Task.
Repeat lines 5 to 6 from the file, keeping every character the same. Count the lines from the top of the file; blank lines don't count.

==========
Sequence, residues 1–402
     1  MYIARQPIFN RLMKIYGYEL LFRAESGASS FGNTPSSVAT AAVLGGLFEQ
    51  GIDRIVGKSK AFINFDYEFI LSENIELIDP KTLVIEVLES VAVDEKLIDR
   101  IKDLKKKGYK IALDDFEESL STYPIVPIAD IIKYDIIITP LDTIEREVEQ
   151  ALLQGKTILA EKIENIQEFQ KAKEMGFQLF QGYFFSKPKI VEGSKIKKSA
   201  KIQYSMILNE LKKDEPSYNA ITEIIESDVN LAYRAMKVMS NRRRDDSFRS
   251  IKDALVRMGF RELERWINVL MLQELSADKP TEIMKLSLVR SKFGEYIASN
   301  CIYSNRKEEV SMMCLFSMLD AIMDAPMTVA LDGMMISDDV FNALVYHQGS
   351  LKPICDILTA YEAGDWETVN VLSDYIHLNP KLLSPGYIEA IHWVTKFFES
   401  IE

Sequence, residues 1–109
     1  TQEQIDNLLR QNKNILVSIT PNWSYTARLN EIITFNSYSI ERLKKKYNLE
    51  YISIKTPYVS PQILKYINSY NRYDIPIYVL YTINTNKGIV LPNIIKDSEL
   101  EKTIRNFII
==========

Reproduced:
   151  ALLQGKTILA EKIENIQEFQ KAKEMGFQLF QGYFFSKPKI VEGSKIKKSA
   201  KIQYSMILNE LKKDEPSYNA ITEIIESDVN LAYRAMKVMS NRRRDDSFRS